Cycling events in May were mostly local, but involved my first century ride of the year. (It was actually only about 97 miles but that’s near enough and I am claiming it on the basis of not having switched the Garmin on while I searched the length and breadth of the Royal Mile looking for a toilet.)
Now many people are put off doing outdoor activities by a little rain. Even cyclists in fact. And most people would be put off doing outdoor activities by a lot of rain. Even cyclists. So when I woke up on Saturday May 11th to an absolute deluge going on outside my window, why on earth did I then yawn, stretch and think “Time to get ready to go and cycle round Arran”
Now if you have been paying any sort of attention on here, you’ll have noticed that I had a less than successful trip round Arran not but a few weeks ago, where I used the excuse of “tired after my Texas trip” to justify cycling like a five year old girl. So what possessed me to think that I could do any better in torrential rain? Well actually it was probably the thought that I couldn’t do any worse that made me head off on the 8.43am train. That and the knowledge that the company would be good.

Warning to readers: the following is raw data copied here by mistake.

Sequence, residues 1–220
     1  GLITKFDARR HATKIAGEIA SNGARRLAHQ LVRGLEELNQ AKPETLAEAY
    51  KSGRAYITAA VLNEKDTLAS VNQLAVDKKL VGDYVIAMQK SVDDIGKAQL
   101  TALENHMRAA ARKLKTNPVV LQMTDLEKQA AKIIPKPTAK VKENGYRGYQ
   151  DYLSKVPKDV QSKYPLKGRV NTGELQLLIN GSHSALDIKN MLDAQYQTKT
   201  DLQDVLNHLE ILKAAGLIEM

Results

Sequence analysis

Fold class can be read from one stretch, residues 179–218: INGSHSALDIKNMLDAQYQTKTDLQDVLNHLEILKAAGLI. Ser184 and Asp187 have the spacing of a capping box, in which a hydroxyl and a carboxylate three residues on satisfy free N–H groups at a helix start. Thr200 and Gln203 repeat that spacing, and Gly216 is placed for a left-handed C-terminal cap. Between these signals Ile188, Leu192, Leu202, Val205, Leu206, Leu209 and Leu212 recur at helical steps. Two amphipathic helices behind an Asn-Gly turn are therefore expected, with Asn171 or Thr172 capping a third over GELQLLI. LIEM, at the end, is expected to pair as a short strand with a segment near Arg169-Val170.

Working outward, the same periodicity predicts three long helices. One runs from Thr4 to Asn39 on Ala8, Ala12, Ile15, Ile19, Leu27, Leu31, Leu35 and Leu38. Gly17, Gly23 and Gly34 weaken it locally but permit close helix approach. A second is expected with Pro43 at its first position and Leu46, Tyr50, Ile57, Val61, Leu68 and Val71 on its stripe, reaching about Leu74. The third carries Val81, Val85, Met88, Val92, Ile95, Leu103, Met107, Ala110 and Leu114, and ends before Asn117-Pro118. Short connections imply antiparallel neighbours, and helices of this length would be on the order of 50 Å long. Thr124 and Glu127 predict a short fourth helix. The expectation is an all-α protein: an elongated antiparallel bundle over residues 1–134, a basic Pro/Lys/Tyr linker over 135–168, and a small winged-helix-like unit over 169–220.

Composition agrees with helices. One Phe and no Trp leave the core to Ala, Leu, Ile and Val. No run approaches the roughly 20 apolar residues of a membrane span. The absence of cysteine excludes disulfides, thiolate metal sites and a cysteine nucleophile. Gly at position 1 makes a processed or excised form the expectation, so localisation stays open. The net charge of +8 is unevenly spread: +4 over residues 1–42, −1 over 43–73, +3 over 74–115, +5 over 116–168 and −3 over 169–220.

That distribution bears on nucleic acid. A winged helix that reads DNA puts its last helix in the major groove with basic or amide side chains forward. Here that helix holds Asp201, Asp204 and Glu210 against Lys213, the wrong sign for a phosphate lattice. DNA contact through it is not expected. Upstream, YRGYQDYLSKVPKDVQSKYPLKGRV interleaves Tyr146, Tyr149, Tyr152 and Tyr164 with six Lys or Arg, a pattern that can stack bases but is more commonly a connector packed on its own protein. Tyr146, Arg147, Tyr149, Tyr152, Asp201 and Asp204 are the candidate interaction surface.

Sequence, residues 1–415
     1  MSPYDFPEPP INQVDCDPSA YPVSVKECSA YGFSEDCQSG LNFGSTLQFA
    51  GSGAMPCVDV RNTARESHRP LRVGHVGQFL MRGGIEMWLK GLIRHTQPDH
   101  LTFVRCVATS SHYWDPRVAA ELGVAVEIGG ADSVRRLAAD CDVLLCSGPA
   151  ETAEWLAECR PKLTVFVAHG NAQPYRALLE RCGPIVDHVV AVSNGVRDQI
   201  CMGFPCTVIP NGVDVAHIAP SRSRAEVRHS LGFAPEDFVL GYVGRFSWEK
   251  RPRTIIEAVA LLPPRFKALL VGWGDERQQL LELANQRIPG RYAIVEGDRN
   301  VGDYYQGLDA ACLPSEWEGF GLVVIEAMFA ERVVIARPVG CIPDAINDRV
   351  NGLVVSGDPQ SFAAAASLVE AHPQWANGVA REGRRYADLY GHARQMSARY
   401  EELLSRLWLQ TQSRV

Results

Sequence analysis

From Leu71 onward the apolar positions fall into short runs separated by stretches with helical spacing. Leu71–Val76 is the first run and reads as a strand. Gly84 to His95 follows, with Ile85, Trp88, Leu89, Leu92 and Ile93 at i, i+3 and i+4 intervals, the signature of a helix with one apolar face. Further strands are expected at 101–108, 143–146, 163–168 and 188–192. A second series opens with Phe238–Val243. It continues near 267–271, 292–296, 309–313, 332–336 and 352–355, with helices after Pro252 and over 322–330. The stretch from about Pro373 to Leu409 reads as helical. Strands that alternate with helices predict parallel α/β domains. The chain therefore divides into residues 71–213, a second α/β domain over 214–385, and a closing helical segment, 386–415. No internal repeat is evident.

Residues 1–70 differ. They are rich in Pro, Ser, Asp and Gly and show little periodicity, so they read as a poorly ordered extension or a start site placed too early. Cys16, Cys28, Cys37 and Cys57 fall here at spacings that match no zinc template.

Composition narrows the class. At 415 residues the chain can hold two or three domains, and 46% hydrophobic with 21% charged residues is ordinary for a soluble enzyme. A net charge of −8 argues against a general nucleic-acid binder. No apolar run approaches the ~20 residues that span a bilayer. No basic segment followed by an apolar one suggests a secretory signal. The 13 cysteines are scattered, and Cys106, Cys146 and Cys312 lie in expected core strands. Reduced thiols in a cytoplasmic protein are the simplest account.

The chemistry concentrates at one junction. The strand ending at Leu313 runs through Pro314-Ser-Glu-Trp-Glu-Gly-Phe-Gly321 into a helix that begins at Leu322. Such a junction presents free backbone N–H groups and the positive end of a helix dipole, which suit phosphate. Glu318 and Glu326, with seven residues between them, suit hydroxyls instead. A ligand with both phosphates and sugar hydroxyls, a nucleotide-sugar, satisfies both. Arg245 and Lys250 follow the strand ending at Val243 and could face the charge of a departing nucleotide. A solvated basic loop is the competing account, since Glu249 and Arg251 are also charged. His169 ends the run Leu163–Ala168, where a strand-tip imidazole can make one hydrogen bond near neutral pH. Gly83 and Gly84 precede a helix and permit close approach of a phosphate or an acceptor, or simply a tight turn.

One of the biggest benefits of the Scott Contessa school is that it has given me new circle of cycling friends to go out with, most of whom are of my own ability level or slightly better. I have managed to go out on several occasions now with all or some of them at a time and I honestly believe tha my own ability has increased because of it. This includes the marvellous occasion a few weeks back when we set off from East Kilbride in glorious sunshine only to pass across a definite snow line an hour later. Quarter of an hour after than I realised that I could not get my left cleat to engage. A closer inspection reveal a hard-packed lump of ice which just would not come out. An early coffee stop allowed me to remove the shoe and heat it up over the cafe heater long enough to then prise out the ice block with the end of my coffee spoon – none of which was at all hygienic.